“I’m in a wait-and-see mode,” says Melanie Richardson, the interim chief operating officer for the Santa Clara Valley Water District, the agency spearheading the region’s flood protection efforts. “Actually, I’m in a wait-and-hope mode. From our perspective, we already know our facilities are at risk, so we continue to move forward regardless of what’s going on at the national level.”

Climate change entered the policy discussion at the water district in the early 2000s, years ahead of meaningful action at the federal level. Wendy Ridderbusch, director of state relations for the Association of California Water Agencies, says that’s because local leaders face a level of accountability from which national officials are often shielded.

“Water agencies have been ahead of the climate change curve for several years,” Ridderbusch said at a recent Little Hoover Commission hearing. “Adapting to climate change is only one of several significant challenges that water agencies have faced in the last decade, including preparing for and coping with the historic drought, incorporating expensive regulatory requirements, planning for California’s expanding population, updating aging infrastructure and complying with changing water quality requirements.”

The Coastal Conservancy project to restore South Bay wetlands as a buffer against sea level rise kicked off in 2003, when Sen. Dianne Feinstein secured about $100 million in federal cash to buy 15,000 acres of tidal marshes from Cargill Salt Co. The decades-long project is funded by several agencies, including the water district, the U.S. Army Corps of Engineers and U.S. Fish and Wildlife Service. Building new levees and restoring wetlands to soak up some of the rising seas for a 4-mile stretch of the Alviso shoreline alone comes with a price tag of roughly $175 million.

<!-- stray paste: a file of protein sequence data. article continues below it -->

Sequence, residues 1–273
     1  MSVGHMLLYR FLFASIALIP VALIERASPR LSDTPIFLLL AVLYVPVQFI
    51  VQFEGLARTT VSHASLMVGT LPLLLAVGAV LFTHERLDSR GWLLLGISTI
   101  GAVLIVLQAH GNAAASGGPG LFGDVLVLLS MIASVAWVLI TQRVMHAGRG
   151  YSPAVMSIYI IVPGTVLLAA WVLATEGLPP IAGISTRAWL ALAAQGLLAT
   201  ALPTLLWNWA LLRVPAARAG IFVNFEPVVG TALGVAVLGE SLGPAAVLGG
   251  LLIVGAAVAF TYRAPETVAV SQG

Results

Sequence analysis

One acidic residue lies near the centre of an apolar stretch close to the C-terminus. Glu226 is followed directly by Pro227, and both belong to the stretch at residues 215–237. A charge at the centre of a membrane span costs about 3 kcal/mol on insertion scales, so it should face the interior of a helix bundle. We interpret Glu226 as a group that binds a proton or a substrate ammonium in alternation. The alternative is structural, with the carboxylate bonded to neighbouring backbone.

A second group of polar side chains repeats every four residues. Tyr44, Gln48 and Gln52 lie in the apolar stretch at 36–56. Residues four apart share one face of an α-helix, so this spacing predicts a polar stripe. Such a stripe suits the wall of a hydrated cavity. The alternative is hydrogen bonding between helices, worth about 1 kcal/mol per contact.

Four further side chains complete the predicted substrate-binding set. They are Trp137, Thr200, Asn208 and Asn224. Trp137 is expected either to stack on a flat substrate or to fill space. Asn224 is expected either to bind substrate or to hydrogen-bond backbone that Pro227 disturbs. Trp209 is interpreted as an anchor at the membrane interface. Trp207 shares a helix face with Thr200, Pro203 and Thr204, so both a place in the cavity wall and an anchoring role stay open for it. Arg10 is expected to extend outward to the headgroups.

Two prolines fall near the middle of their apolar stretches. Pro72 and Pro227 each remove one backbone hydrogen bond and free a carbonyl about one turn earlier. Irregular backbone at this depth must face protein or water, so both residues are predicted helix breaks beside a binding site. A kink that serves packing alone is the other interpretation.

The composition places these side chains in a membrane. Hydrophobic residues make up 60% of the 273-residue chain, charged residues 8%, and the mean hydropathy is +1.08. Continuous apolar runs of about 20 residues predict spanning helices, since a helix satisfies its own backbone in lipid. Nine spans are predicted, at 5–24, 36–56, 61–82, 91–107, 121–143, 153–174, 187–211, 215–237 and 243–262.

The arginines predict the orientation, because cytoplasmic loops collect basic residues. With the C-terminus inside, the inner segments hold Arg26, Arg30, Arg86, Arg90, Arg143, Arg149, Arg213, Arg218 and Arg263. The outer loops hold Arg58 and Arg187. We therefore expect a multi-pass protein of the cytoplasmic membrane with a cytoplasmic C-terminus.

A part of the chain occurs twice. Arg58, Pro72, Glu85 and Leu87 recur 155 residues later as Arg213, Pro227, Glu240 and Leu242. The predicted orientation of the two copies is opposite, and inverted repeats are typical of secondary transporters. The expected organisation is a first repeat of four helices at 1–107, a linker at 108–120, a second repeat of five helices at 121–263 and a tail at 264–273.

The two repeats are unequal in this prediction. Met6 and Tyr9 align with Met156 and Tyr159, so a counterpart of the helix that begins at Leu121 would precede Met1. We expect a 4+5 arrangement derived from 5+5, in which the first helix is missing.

The South Bay salt ponds. (Photo by the State of California Coastal Conservancy)

The South Bay salt ponds. (Photo by Jitze Couperus, via California Coastal Conservancy)

Expanding those protections to the 14 remaining miles of South Bay shoreline would cost another $700 million or so and would only address the problem for a few decades. About half of that money would come from federal agencies, and a big chunk from congressional appropriations, which means the South Bay’s ability to adapt to a changing climate depends on the will of federal policymakers.

“We’re on the table as one of 25 of these projects nationwide,” Richardson says. “So we are eligible for federal funding.”

Of course, it takes tireless lobbying to secure that kind of money. The water district recently sent one of its twice-yearly delegations to Washington, D.C., to vie for funding to complete the design of the first 4 miles of shoreline levees, so construction can start as planned in 2018. That first stretch of levees will protect hundreds of millions of dollars in homes and businesses, as well drinking water and electrical, sewage and transportation infrastructure. Authorization would have to come in a Water Resources Development Act bill, which is supposed to happen every two years but often runs into protracted delays amid partisan quibbling.

Richardson says the imminent political shift doesn’t shake her confidence, because the project has such a broad base of support from environmentalists as well as the private sector, which would face enormous losses without the planned flood protection. In 2005, a Republican-controlled Congress authorized the Bay Area shoreline study that led to the flood protection efforts in the South Bay.